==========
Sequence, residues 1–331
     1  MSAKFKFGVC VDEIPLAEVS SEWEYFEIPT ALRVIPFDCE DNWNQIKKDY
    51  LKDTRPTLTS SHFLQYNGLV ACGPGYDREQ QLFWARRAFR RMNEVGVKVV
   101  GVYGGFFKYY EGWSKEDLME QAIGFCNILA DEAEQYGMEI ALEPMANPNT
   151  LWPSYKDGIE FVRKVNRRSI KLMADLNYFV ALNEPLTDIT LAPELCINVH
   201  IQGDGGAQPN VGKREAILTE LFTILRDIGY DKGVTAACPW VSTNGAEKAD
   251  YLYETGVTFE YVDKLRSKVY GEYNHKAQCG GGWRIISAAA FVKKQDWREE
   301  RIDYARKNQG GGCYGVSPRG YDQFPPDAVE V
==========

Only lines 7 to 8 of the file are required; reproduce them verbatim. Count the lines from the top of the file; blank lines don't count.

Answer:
   251  YLYETGVTFE YVDKLRSKVY GEYNHKAQCG GGWRIISAAA FVKKQDWREE
   301  RIDYARKNQG GGCYGVSPRG YDQFPPDAVE V